Running background workers on anynines

Background workers are good for you

As time and coding goes, your application will grow and become more and more complex. In such a system you will sometimes have to run time-consuming tasks or tasks that are very computationally intensive. You know what this means – app slows down to a crawl.
Fortunately, this is where background jobs/workers come into play.

With background workers you can save jobs in a queue and process them later without blocking your current thread. You can even run several jobs in parallel!

Another advantage of background jobs is the better user experience. When you execute time-consuming jobs in the background, requests return immediately and users don’t have to wait and get angry at you. They just browse your website and get notified when the job is done.

Since Rails 4.2 it’s very easy to use different background workers in your application. In this version they introduced Active Job. That’s a framework for declaring jobs and making them run on different queueing backends. It provides a place for jobs in your rails apps and ensures that you don’t have to worry about differences between various background workers like Resque, Sidekig or DelayedJob.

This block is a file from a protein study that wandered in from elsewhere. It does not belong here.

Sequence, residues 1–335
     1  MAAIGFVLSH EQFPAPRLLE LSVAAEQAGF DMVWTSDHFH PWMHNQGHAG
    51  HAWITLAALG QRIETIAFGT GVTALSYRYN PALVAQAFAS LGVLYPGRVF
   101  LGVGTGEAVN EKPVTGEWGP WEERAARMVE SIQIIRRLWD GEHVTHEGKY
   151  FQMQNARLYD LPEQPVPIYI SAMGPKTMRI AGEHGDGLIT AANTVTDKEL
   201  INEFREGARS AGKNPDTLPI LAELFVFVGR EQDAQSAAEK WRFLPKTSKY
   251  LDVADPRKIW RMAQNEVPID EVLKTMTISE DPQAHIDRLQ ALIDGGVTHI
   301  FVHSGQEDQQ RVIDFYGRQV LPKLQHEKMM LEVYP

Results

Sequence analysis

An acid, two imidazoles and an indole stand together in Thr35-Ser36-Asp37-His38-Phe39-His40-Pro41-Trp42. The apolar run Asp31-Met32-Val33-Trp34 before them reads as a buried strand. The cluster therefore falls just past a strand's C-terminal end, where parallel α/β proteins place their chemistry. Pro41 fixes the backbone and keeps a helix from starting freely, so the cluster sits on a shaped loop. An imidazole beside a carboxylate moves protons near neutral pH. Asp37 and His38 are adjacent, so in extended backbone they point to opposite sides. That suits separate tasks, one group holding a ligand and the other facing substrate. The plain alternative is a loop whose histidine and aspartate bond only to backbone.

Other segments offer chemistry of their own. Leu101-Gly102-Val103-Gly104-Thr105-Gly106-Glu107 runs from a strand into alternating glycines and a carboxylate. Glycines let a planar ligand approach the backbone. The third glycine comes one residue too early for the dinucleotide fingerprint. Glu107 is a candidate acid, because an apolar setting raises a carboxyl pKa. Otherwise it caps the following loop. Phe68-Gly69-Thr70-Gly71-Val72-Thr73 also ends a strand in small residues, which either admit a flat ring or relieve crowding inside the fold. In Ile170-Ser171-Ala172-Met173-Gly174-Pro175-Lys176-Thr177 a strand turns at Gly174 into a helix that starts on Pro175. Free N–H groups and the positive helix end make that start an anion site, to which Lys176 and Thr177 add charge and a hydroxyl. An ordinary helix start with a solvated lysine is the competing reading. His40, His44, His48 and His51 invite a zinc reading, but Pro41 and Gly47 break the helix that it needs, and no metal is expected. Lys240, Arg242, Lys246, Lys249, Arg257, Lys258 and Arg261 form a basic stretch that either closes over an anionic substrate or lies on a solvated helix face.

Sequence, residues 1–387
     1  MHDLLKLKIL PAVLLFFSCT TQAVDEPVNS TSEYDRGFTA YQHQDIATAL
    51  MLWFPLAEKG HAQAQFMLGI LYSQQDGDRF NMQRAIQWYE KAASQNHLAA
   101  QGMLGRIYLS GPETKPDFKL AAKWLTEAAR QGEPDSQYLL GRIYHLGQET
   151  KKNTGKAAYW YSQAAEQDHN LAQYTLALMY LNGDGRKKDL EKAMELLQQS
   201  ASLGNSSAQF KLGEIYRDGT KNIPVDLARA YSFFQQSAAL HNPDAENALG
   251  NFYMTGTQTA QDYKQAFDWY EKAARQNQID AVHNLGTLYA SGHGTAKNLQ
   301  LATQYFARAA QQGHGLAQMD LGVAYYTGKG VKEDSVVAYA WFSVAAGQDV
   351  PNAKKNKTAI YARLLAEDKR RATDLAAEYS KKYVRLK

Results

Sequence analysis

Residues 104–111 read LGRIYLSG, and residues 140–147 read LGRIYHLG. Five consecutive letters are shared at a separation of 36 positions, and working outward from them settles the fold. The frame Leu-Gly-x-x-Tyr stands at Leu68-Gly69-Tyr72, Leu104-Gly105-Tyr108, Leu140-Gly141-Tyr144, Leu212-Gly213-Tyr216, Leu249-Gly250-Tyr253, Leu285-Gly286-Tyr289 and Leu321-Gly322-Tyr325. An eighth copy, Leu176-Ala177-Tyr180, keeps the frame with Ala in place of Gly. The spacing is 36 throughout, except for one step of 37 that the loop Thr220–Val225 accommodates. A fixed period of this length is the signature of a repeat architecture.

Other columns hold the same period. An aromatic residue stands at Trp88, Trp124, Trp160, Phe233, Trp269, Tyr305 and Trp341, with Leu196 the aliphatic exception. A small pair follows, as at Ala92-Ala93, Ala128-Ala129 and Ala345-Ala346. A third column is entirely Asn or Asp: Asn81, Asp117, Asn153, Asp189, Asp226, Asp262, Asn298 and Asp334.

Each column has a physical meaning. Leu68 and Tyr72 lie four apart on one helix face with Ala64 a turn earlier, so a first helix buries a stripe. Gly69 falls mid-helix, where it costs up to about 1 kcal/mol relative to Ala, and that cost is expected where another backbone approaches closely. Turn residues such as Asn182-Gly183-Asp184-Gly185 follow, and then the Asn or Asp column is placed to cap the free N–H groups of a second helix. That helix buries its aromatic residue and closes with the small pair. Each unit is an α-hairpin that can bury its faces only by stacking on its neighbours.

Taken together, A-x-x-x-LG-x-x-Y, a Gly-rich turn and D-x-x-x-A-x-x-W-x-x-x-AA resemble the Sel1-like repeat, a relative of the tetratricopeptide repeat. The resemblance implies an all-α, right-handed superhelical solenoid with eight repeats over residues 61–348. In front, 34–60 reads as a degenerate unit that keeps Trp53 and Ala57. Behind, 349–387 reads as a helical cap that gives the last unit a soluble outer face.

So, how do we use background workers in our apps?

Workers at work

In our example app we’ll use Rails 4.2 to benefit from the features of Active Job. As the background worker we’ll use DelayedJob, a database-based asynchronous priority queue system.
The finished app can be found here. It’s a simple blog app from the rails guides, but in our example we use a background job to delete comments.
When you have set up the base app we can start implementing the background job.

Integrate DelayedJob

First, add the gem to your Gemfile:

gem 'delayed_job_active_record'

And install it with:

bundle install

As DelayedJob is based on a database, you have to create the required table:

rails generate delayed_job:active_record rake db:migrate

Now let’s make sure that our app uses the desired background worker – in order to do that, specify the adapter in config/application.rb:

module Rails4WorkerExample
class Application < Rails::Application
config.active_job.queue_adapter = :delayed_job
# comments and other things

After you’ve configured everything correctly, let’s create your first job.

Create your job

Rails has a built-in generator for creating jobs. To create a job run in your console:

rails generate job delete_comment_job

The generated jobs are located in app/jobs. A job looks like as follows:

class DeleteCommentJob < ActiveJob::Base
queue_as :default 

def perform(*args)
# Do something later

Now update the perform method so that it deletes a comment:

def perform(comment_id)
# Do something later
sleep 5
comment = Comment.find comment_id
comment.destroy end

Your job is ready! We just have to use it in our app.

Use your job